A great overnight trip, to explore a newly formed lake. Some fun, easy paddling in a gorgeous valley.
Be aware that Dart River Safaris commercial Jetboats can travel as far as Slip Stream. Read the Jetboat courtesy code, and give them a call before you head out!
The Dart Track
Currently the lower reaches of the Dart Track is massively effected by storm damage, as well as a huge slip that dammed the river and created a new lake. The track can still be negotiated in most parts by people who are used to following unmaintained tracks, and who can route find around track damage. It took us 7 hours of determined effort to reach the Daley’s Flat Hut, compared with the 4-5hr track time.
See the DOC Website for more information and updates: Rees Dart Track
As the river flows into the lake, it gets pretty shallow. There’s some fun exploring to be had among the drowned forests and beneath huge bluffs.
Lower Dart River (II P)
At the outlet of the lake, there are quite a few strainers which leads to a bit of portaging. Below there is a handful of smaller class II rapids plenty of class I
Lower Dart River (I Braids)
Once the river braids, the rapids are over.. Took about 3.5hrs from the hut to the car park.
4 Trip reports Log your trip
Paddled 29th in heavy rain! The river was in flood at around 250 cumecs. We put in at the Bedford Stream bridge (so below the big slip). It is worth noting that the Dart track is no longer where it shown on the map, it has been diverted significantly away from the river after Bedford Stream and stays high above the river with no obvious way down and no visibility of the river. This means there is no way to scout the area through the slip and sunken forest before you are committed to it.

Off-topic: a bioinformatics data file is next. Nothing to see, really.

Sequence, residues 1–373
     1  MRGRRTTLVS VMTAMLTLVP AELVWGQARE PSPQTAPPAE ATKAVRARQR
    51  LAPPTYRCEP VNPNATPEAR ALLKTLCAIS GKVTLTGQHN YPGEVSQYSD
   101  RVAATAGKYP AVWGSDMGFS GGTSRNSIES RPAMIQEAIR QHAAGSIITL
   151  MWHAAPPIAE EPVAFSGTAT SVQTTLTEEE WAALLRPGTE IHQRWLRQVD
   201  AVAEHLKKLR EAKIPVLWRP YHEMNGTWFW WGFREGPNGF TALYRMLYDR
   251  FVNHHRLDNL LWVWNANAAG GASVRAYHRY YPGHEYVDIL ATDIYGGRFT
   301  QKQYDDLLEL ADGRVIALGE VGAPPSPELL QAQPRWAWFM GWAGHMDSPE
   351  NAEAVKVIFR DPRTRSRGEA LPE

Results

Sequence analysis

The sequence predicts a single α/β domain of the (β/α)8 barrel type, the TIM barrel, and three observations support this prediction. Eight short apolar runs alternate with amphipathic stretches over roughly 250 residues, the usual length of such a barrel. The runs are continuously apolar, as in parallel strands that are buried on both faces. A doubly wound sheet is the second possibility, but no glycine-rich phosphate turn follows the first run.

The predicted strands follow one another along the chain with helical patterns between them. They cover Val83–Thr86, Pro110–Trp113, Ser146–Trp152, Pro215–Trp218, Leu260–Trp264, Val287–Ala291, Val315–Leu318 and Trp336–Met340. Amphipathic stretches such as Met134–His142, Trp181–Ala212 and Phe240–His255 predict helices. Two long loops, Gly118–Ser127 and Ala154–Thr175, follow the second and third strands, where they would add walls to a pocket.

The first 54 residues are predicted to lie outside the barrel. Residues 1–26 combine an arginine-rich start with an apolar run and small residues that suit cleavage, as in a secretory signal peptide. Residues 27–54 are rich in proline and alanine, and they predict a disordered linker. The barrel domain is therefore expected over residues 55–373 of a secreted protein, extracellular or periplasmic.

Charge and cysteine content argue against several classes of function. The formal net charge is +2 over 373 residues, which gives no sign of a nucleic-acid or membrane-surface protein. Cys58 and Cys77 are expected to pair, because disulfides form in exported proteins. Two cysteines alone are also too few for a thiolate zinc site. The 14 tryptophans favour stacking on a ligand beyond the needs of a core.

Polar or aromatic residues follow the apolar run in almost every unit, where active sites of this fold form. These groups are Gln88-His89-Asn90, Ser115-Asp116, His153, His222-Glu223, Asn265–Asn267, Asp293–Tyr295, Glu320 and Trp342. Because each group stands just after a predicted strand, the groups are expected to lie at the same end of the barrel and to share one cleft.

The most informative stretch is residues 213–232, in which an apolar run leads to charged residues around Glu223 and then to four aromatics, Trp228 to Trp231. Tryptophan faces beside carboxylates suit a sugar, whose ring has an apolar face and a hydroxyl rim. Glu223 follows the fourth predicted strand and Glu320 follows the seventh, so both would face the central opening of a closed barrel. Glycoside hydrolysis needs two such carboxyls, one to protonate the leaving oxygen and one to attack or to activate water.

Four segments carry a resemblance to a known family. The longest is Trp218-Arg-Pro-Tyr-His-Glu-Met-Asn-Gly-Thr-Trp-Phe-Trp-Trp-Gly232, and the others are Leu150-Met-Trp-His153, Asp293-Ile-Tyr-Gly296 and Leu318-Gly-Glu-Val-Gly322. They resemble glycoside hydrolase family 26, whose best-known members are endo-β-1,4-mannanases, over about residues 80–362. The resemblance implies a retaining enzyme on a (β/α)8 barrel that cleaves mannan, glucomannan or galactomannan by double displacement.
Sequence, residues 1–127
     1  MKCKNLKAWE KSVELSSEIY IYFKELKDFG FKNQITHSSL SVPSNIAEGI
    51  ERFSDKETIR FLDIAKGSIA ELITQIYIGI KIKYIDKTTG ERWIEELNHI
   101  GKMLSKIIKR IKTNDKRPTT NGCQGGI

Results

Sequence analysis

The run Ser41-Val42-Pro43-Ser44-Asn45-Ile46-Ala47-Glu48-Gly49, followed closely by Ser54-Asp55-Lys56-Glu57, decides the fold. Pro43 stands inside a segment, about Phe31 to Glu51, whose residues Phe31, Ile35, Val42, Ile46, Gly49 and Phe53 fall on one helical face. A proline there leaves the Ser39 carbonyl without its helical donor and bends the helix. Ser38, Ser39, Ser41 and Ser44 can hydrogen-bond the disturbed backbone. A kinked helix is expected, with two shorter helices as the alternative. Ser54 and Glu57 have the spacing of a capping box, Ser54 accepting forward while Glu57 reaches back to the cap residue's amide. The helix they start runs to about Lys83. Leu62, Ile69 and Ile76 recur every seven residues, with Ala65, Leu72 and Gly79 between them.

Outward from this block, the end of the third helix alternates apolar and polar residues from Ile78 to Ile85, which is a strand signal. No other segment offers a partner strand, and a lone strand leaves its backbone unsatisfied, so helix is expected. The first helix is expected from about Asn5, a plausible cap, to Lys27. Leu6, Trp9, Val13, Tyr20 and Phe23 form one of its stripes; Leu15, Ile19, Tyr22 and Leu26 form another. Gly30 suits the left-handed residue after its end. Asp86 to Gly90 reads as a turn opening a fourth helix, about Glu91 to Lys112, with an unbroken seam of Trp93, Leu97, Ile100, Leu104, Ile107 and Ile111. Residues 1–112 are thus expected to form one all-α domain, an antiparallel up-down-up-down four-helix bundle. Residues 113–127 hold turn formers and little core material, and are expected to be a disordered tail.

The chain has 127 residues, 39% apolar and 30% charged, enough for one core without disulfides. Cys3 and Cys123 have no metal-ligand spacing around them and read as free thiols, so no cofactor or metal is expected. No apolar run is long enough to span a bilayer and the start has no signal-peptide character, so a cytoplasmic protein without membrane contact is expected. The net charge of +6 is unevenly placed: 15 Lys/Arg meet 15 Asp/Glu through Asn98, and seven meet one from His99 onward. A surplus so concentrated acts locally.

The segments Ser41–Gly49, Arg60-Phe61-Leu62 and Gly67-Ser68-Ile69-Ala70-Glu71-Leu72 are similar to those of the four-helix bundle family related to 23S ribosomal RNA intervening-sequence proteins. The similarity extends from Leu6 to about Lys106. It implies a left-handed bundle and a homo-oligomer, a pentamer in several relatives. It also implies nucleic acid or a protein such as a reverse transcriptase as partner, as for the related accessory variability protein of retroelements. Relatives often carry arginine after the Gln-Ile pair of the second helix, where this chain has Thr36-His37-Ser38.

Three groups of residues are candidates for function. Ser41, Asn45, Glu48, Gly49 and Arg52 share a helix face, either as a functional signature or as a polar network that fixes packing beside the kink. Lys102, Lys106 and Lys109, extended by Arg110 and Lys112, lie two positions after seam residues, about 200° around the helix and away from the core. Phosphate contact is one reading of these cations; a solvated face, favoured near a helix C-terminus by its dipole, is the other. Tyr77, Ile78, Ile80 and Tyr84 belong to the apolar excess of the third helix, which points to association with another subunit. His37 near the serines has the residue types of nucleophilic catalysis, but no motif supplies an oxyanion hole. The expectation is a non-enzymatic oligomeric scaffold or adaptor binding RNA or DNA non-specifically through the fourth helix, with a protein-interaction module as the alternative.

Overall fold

The section we did (Bedford Stream to Chinamans bluff carpark) had some very large features on it due to the high flow but they could be easily avoided for the most part due to the width of the river, most of the features were close to the banks. At 250 cumecs I would say the river would rate a solid grade 2 as it is very “pushy” and some experience/skill is required to read the river in order to avoid the bigger features and strainers.
Ran this trip solo last weekend. The lake was a braided stream – quite silty when approaching the slip. A short portage to get into McBride stream – stunning!
I was fine to portage the slip section if needed, knowing i was solo. However, the rapids were only G2 on this particular run, and there was only one obvious log portage blocking a channel drop. Very easy to navigate around the trees and logs – i never felt unsafe. Stick to river right as much as possible to avoid some inside corner strainers.
As the previous trip report says , but with the following (paddled 24 November) :
1. The entry into the dart lake is shallow. We got the wrong braid and had to get out of the raft – onto sinking sand up to knee depth. BE CAREFUL. Looked like a better line is to the left near the dead trees.
2. When you get to the slipstream alluvial fan take the time to paddle up McBride burn. A short 2 min portage is needed to get past a log jam.
3. Don’t paddle along the alluvial fan – the dead forest strainers will be a death trap. A relatively easy portage for about 25 to 30 minutes is a much better option.
4. Downstream from the fan the going as relatively easy with lots of get out points to scout around blind corners. Just watch out for the usual log snags boils and pillow waves.
I headed up the dart on the weekend and agree with the portage around the landslide. you can safely run the first 100 or so meters of the river until you see a stand of trees in the middle of the river. We portaged the true right side of the landslide down to just below the last strainer. After that there are a couple small drops, the river is passable after this though there are some big waves before chinamans bluff.